Topaz

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Doran Jaffas

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Off topic...sort of. I agree with aircraft plywood being very viable, light weight and extremely long lasting when waterproofed, glued and treated with a UV protection system. I own and fly a Wittman Tailwind W8. The wing is entirely made of wood with ceconite covering and treated appropriately however the Tailwind is definitely not a glider
 

PiperCruisin

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Hi Topaz,
Why are you designing it to be LSA versus simply experimental? I'm not sold on either one, just curious the reasoning.

Glad to see you back to working on it. Kind of been watching yours, the Robin, and the JT-8/JT-10.
 

Topaz

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Hi Topaz,
Why are you designing it to be LSA versus simply experimental? I'm not sold on either one, just curious the reasoning....
Very simple, and purely selfish: Once the madness in my life settles down a little, I'm going to be picking up my Sport Pilot certificate. Flying gliders is fun, challenging, and "different," but they're not usable for cross-country flights under power without a self-launch endorsement. I could get the latter somewhat less expensively than getting a Sport Pilot certificate, but the Sport Pilot cert offers me a much broader spectrum of aircraft to fly, and that was the deciding factor since I'll be renting until I finally get something of my own into the air. I have some medical issues that, while they don't interfere or make me unsafe while flying, would require a special issuance for adding an ASEL rating, and I don't want the annual mound of testing and paperwork it would require. I definitely don't want that Sword of Damocles hanging over my flying all the time, especially for the purely recreational type of flying I do and will be doing.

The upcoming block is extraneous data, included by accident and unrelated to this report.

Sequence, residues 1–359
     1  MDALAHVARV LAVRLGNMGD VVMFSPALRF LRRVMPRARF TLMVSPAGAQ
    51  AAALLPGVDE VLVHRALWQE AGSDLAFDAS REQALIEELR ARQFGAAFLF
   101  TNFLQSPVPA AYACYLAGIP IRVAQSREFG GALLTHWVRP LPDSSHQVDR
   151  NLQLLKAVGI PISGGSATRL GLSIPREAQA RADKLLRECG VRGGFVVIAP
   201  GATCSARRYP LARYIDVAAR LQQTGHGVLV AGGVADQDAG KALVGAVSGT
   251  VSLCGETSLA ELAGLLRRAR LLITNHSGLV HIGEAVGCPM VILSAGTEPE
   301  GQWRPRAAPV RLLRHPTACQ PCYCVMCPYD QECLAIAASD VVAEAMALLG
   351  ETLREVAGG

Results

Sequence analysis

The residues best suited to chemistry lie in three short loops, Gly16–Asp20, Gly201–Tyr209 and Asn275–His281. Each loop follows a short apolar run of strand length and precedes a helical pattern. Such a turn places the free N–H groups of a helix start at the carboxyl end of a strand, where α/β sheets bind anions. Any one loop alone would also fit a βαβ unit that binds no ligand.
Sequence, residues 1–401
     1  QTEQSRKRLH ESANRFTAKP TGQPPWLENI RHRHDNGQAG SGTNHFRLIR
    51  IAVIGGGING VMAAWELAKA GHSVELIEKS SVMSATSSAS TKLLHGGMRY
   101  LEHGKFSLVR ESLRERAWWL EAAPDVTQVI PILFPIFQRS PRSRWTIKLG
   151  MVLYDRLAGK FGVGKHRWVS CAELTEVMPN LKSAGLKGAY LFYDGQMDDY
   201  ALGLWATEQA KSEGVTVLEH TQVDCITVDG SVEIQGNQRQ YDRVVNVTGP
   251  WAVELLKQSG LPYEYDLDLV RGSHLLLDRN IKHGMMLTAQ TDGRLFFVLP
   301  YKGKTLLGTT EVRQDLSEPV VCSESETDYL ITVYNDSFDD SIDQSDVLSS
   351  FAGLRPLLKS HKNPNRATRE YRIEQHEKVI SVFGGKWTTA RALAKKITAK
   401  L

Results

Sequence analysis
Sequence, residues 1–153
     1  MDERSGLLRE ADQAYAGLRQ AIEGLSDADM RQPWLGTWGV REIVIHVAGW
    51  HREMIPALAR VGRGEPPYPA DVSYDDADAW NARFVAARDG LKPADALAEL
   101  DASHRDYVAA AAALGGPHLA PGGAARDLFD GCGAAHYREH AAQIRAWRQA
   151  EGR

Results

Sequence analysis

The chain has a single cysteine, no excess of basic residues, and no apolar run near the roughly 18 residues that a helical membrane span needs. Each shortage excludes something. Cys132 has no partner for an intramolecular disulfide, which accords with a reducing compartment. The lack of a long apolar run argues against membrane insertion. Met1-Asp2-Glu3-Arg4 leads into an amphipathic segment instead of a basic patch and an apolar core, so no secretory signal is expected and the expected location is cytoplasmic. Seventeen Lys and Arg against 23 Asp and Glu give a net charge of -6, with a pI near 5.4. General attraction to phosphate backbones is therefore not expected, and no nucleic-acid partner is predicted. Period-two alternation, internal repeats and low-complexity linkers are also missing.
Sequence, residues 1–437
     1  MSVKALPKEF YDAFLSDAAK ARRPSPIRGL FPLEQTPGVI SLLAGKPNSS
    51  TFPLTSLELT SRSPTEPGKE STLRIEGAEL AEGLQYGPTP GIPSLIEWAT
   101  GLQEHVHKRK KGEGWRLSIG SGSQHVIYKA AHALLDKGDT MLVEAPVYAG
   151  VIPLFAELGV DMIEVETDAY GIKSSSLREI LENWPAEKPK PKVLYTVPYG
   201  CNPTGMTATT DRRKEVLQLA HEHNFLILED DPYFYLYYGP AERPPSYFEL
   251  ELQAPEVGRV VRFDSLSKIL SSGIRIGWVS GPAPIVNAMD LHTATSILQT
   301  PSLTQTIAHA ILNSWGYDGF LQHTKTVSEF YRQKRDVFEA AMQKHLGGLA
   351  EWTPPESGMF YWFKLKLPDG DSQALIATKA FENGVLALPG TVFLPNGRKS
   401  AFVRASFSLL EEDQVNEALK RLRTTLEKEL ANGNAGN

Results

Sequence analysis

Being pedantic about it, my design is E-AB, and qualifies as an LSA. A Private Pilot ASEL could fly it, as could someone with a Private Pilot Glider cert. Or someone with just a Sport Pilot. Making it compliant with LSA fits my own needs, and opens it up to more people to be able to fly it.
 
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Topaz

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Thank you, but no. I've already decided on my engine. I don't need - nor want - a 40hp engine. I appreciate everyone's opinion as expressed in the various industrial engine threads, but I'm going my own way.

Also, I thought the "Member Project Logs" threads were locked? @admin , is that no longer the case? I would appreciate it if all questions, comments, and input for my motorglider project be confined to the discussion thread, here: https://www.homebuiltairplanes.com/forums/threads/discussion-conceptual-design-of-an-inexpensive-single-seat-motorglider.19740/
 

Victor Bravo

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It is my understanding that LSA and Sport Pilot is going to be changed around pretty soon, to the point where the Sport Pilot license would cover something up in the Cessna 182 class. So make sure you keep abreast of those winds of change, and don't paint yourself into any corners with the design just yet.